The Erratics

This hike is absolutely unbelievable!  Situated well within the 15-mile public driving area, these monstrous boulders can be seen from the road as small little rocks off on the horizon.  Left behind millions of years ago as glaciers moved forward and back, they look entirely out of place atop the rolling tundra hills where they lie.

There is no marked trail, so you will need to talk to someone in the area that looks like they may have been bored enough one to head off towards them one day.  And when you start it's going to look like an easy stroll ahead of you.  Trust me, you're going to be wrong!  Hiking over the tundra is an aerobic workout as you sink in and step out over and over again for hours.  It's like walking on an earth-size sponge.  And, as if the terrain weren't enough, this hike is rapt with false endings as you celebrate making it to the top of a hill only to see yet another one off in the distance.  But, if pure grit and determination can conquer fatigue and taunting, the payoff is worth it's weight in, well, these multi-ton rocks.

Has Denali National Park been on your list of must-see places?
What is the most remote national park you've been to?

More Information
 6 hours north of Anchorage
 or 2 hours south of Fairbanks.
The drive there is beautiful, but if you can arrive by train
I would totally recommend it!

There are a plethora of hotels, restaurants,
 and shops just outside the entrance to the park.  
If you're looking for a bit of luxury in the wilderness,
 my heart and working roots are at the Denali Princess Wilderness Lodge.
Find a surprising fresh/organic menu at 229 Parks Restaurant & Tavern
Find my all-time favorite Bleu Cheese Dressing at the Perch Restaurant.

Obviously, the main attraction
 in Denali National Park is Mt. McKinley,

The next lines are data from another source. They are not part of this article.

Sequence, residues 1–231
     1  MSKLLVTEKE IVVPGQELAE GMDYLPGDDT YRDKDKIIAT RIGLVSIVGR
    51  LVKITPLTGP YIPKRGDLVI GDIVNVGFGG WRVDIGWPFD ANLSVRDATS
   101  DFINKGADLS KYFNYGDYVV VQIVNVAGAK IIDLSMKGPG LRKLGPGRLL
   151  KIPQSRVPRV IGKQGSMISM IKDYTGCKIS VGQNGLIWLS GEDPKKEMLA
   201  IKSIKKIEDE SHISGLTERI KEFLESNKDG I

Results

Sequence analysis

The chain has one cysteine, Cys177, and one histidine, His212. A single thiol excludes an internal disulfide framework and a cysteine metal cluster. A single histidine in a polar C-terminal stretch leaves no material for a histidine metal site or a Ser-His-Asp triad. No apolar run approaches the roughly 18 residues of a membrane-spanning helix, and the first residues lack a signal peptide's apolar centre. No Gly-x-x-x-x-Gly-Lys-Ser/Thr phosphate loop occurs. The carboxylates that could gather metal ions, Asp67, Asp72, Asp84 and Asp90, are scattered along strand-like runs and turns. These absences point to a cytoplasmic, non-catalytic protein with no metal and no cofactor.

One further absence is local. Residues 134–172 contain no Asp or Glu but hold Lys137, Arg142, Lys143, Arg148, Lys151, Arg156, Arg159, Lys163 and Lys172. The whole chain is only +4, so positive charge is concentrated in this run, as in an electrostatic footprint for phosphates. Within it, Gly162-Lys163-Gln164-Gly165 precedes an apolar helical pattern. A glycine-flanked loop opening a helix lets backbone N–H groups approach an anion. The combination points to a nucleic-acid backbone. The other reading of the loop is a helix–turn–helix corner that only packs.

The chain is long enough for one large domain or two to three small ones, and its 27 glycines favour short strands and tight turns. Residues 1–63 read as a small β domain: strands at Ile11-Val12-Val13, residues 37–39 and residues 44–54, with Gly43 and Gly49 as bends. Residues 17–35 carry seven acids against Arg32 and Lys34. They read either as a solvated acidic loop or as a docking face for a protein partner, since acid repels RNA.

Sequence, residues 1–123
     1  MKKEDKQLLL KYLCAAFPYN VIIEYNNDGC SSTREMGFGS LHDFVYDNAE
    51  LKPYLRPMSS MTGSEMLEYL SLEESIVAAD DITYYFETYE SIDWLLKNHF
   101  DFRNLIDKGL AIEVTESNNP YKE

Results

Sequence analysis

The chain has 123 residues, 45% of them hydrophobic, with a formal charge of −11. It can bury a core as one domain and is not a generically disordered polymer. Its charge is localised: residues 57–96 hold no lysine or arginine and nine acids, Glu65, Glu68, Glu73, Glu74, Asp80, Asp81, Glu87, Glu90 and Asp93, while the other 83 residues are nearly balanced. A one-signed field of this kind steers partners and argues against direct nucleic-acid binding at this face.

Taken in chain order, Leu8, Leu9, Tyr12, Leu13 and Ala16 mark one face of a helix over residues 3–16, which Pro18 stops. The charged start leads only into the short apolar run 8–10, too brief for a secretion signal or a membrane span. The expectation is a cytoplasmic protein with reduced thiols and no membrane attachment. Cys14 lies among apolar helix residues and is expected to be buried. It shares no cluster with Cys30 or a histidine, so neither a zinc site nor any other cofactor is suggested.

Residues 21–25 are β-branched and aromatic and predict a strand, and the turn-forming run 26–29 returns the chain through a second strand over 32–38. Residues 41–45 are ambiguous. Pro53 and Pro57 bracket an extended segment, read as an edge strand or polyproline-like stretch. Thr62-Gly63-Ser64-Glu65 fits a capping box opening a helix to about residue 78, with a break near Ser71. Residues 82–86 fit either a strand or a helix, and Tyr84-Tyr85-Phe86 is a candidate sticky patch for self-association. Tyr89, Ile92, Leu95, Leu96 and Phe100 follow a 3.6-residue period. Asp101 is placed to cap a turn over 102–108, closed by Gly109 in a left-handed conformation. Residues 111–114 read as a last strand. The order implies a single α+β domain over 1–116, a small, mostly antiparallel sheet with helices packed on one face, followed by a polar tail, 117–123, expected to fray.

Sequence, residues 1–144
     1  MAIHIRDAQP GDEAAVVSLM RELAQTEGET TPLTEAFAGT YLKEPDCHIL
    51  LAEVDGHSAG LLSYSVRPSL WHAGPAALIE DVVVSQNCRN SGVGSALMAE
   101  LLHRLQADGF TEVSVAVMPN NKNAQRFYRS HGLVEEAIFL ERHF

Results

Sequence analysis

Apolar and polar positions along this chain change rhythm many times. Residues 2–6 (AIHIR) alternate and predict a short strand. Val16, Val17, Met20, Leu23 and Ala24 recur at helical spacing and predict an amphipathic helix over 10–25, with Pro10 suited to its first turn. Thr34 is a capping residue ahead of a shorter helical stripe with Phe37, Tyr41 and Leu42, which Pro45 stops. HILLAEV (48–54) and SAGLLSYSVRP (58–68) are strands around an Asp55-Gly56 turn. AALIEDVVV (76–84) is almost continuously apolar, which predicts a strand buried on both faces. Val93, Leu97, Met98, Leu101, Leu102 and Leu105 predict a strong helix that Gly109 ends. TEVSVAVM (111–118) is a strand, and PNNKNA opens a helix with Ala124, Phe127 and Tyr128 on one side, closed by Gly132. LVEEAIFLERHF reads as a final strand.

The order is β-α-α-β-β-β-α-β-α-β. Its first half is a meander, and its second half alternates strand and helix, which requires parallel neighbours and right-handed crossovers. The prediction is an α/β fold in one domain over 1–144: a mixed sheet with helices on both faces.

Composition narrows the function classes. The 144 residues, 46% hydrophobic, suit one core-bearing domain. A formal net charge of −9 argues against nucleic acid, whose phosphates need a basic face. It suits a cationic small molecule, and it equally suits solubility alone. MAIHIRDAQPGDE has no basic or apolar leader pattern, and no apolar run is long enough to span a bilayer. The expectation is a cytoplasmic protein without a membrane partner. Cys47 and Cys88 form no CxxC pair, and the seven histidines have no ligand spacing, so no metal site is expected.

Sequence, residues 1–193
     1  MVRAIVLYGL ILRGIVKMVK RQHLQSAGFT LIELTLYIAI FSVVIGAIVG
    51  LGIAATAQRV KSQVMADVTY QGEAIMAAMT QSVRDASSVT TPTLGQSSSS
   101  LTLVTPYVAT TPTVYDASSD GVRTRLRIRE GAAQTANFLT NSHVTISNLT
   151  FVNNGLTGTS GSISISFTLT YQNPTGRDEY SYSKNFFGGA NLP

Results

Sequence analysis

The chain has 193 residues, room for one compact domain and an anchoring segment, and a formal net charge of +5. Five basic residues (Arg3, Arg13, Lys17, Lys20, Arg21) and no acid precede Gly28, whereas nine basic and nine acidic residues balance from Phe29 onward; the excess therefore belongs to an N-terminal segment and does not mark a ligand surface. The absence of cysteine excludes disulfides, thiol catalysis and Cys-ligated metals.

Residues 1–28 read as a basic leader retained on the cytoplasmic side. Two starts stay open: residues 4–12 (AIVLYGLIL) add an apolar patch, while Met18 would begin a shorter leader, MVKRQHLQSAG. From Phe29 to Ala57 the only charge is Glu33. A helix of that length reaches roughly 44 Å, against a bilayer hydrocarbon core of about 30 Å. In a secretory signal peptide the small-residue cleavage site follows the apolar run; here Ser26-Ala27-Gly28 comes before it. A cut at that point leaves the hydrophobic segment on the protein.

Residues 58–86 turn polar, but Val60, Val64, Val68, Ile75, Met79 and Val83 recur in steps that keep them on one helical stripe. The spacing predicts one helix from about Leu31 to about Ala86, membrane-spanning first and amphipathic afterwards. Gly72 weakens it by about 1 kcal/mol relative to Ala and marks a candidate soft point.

but be prepared not to see her.  
At 20,300 feet, the mountain creates it's own weather patterns 
and is often clouded in.  
Oftentimes the best views can actually be seen 
approximately 100 miles south of the National Park Entrance.

If there is  any place on Earth I would recommend taking a guided tour, 
Denali National Park is the place.  
Helicopter or fixed wing flights will take you out
 over the glaciers and even over the top of the mountain itself. 
 Land on a glacier if you want to. It's definitely going to be worthwhile.

When should you go?
June, July, and August: mid-60's and 70's but prepare for rain showers any day
May & September: The snow either hasn't melted
 or has already started falling,
 but this will be an Alaska a lot of people never see. 
 In September, especially, watch for the Northern Lights.

Want to really experience it like a local?
Enter the Park Road Lottery
 For a few days in September the park road is open  
all the way for personal vehicles to drive in as far as they can make it.  
It turns in to one big Alaskan party!

Is it obvious how much I love Denali National Park and the great state it's in?
  If you have any questions, I would be more than happy to tell you what I know!